> RAM and I don't want to buy the wrong combination of motherboard and
> DIMMs. I'm looking to get a motherboard with 4 DIMM slots.


I'm taking you at your word here, that 3.2GB out of 4GB is simply not
good enough ? If that is the case, you need to find a motherboard that
supports mapping around the memory hole used by the PCI bus and other
resources. These are normally located up near the top of the 32 bit
address space. On Intel, this might be the 955 and 975 chipsets, which
are supposed to support 8GB of RAM. A 64 bit OS would be a good
choice, to complete the project, as even with the mapping function
enabled, WinXP won't be able to use the remapped chunk.

http://support.asus.com.tw/faq/faq_r...Language=en-us

Apparently, the P5WD2 doesn't need to have the mapping function
set up, according to this:

http://support.asus.com.tw/faq/faq_r...Language=en-us

>
> So this leads me to some questions on how to find out what I need:
>
> 1) Buffered vs Non Buffered Memory - my understanding is that the
> memory control signals can be handled by the module (requires buffered
> DIMMS) or by the motherboard's memory contoller (requires non-buffered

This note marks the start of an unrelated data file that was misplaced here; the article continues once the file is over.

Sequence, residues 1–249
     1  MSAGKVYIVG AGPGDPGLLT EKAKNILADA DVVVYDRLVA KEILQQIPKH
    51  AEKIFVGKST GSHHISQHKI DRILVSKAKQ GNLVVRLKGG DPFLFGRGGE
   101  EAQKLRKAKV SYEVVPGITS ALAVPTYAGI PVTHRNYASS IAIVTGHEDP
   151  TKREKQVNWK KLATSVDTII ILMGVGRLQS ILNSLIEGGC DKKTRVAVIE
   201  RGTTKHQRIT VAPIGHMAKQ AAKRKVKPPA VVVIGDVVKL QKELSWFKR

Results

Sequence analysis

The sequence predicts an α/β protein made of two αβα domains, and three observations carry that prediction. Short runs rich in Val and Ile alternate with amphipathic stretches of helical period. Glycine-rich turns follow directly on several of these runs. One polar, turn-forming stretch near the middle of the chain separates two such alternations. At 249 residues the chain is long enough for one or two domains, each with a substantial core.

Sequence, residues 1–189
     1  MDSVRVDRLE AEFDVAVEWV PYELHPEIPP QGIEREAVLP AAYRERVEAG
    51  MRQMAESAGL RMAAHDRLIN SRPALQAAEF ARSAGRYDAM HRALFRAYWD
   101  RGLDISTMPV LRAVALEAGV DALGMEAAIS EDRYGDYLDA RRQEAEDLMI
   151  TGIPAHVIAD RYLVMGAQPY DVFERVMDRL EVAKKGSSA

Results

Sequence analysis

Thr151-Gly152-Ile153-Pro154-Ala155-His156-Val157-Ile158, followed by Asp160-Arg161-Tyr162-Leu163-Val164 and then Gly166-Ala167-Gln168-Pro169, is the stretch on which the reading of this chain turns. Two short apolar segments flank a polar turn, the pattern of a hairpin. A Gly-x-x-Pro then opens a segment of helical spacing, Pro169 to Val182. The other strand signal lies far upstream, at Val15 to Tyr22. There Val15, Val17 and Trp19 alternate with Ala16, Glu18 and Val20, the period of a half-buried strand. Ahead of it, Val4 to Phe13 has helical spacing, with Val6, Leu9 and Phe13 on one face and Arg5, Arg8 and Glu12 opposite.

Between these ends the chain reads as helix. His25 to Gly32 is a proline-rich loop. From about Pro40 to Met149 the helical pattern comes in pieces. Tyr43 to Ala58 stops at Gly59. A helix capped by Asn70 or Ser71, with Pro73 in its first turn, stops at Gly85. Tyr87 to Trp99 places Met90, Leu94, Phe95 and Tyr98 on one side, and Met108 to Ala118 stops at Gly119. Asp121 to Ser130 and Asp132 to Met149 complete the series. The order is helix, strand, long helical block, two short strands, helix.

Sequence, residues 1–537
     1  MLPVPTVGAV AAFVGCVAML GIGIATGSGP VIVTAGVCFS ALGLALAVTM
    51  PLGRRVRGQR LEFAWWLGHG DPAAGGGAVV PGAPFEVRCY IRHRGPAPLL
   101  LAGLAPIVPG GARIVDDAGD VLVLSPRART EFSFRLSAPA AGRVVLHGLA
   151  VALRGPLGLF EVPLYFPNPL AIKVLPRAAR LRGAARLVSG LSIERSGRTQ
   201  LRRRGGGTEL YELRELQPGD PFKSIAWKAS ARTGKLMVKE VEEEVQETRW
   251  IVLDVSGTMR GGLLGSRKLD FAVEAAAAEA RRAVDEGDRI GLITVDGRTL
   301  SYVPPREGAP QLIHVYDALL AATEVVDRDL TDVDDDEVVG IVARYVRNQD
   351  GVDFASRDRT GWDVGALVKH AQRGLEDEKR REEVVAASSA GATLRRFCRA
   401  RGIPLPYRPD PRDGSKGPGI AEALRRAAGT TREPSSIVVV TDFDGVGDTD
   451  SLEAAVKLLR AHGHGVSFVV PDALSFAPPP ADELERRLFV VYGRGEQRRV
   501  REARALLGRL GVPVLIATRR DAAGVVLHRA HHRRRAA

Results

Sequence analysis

> DIMMS). So, how do I determine where the buffering needs to take place
> and which type of modules to buy? The description for the ASUS
> P4P800-E, (and I assume many other MBs) does not specify.


Every Asus manual specifies the memory type. It will mention registered
memory or unbuffered memory. Only a couple manuals glossed over a
detail, as there were a couple Asus boards that could use both, but
the manual only happened to mentioned one type.

The P4P800-E manual says "4GB unbuffered non-ECC DDR400/333/266". And
the manuals can be downloaded from support.asus.com.tw before you
buy a motherboard.

>
> 2) Dual Channel Memory Architecture - If the MB supports dual channel
> memory, is it requied that the modules be dual channel as well? If I
> want a motherboard's four dual channel DIMM slots to hold 1 gigabyte
> each (supporting a total of 4 gigs), must each of the modules be dual
> channel or single channel?


There is no such thing as "dual channel memory". If you were a DIMM
designer, there is only one kind of chips, and there are no special
"dual channel chips" at the memory companies. When a company makes
a "twin-pack" of memory, they reach into a barrel, pull out two tested
DIMMs at random, slap them in the package, and ship it. The sticks
don't know there has been a special ceremony - they are just plain
ordinary DIMMs.

Memory controllers have varying degrees of flexibility, when it comes
to dual channel. For the Nforce2 Northbridge, in fact unmatched DIMMs
can be placed in either channel, and still perform in a dual channel
mode. At the other extreme, are some (SIS or VIA ? don't remember)
chipsets, where only matched pairs would work. Generally speaking,
Intel chipsets are pretty good at it, and even if you put a
screwy combo of RAM in the motherboard, the motherboard will still work
in a virtual single channel mode, so no memory sticks are disabled.

In your example scenario, you could go to Corsair, and buy four of